Macau police have arrested casino junket boss Levo Chan Weng Lin, chairman and controlling shareholder of Tak Chun Group and co-chairman and CEO of Macau Legend Development. Analysts described Tak Chun Group as second only to Suncity Group in market share for pre-pandemic years in the world’s largest gaming hub.
Macau Legend Development announced on Monday afternoon that the businessman, also known as Levo Chan, would be resigning as co-chairman, CEO and board director “to avoid distraction to the company” and “for the interest of the shareholders of the company as a whole,” reports Nikkei Asia.
Chan took control in 2020 of Macau Legend, which runs the casino in the New Orient Landmark Hotel and owns the Macau Fisherman’s Wharf complex, which features three hotels and two casinos. The company said the weekend arrest "relates to the personal affairs of Mr. Chan."
Following the news, Macau Legend shares dropped as much as 29.8% in early trading in Hong Kong on Monday. Chan was arrested on Sunday, along with another man, for alleged illegal gambling and money laundering.
“One of the men involved was responsible for operating an illegal gambling syndicate while the other offered assistance,” the police said in a statement on their official WeChat account, without naming either man, according to Reuters.
“The board does not expect the above incident to have a material adverse impact on the daily operations,” Macau Legend said in a statement to the Hong Kong stock exchange on Sunday. Tak Chun Group has not yet commented on the arrest.
The arrest comes amid an ongoing crackdown from officials to cut off outflows of funds from mainland China, where all forms of gambling are illegal. The new zero-tolerance approach specifically targets the junket market, which has long relied on offering easy credit for mainland Chinese high rollers, collecting on their debts using underground financing channels.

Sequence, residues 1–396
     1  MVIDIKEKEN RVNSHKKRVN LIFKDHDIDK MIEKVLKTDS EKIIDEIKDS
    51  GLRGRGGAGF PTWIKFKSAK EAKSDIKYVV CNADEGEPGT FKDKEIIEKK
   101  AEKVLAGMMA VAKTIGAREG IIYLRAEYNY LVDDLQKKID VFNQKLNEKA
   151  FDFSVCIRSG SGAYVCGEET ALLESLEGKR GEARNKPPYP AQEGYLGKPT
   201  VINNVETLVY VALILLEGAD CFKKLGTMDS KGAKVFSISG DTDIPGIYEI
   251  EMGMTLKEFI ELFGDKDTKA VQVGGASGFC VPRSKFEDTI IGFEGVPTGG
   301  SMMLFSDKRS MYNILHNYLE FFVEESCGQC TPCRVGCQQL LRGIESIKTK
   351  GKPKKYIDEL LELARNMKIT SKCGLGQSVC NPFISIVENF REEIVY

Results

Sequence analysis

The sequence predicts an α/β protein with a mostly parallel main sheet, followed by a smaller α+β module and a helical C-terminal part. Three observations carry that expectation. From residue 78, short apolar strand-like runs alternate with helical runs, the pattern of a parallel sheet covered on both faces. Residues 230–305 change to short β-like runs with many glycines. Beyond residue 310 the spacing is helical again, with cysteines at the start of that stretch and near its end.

It also comes about two months after the arrest of Alvin Chau, head of Suncity, the largest junket operator in Macau. Police have said the new arrests were linked to the Suncity case, as the two groups worked together, engaging in “illicit and criminal activities,” reports Reuters.
Suncity former boss Alvin Chau
Suncity previously operated VIP rooms within the properties of all six of the city's casino operators. However, following Chau’s arrest, all of them closed, along with most of the city’s junket rooms. This, along with pandemic-related restrictions, has led to VIP gaming revenues to plummet. The VIP industry made up more than two-thirds of revenue a few years ago.
Last week, Macau’s gaming regulator, the Gaming Inspection and Coordination Bureau, slashed junket license issuance by almost half, amid debates from officials on how to further control the sector. Only 46 licenses for casino junkets to operate in the Chinese enclave were approved, down from 85 in January 2021.
In addition to Sun City, another notable absentee is heavyweight Guangdong Group, which was the third-largest junket operator in 2019. Meanwhile, some other major junket brands, including Tak Chun Group, Meg-Star International and Golden Group, are set to retain their licenses this year. The new report casts doubt over the Tak Chun Group approval.
The crackdown comes as Macau’s Legislative Assembly debates proposed amendments to the enclave’s gaming law. The AL passed its first reading of the draft bill earlier this month, which is now set to be sent to the Standing Committee, where closed-door discussions are to be held after the Chinese New Year holiday.
The new gambling legislation seeks to further reduce the role of junket operators in the city’s casino industry. The bill states casino operators would no longer be able to have dedicated junket rooms, and revenue-sharing arrangements between casinos and junket operators would be prohibited.
While Macau will continue to issue junket licenses to approved VIP promoters, the new legislation seeks to restrict them to only operate with one concessionaire. Another measure stipulates that until the 10th of each month, gaming concessionaires will need to submit details regarding the commissions paid to junkets in the previous month, reports Macau Business.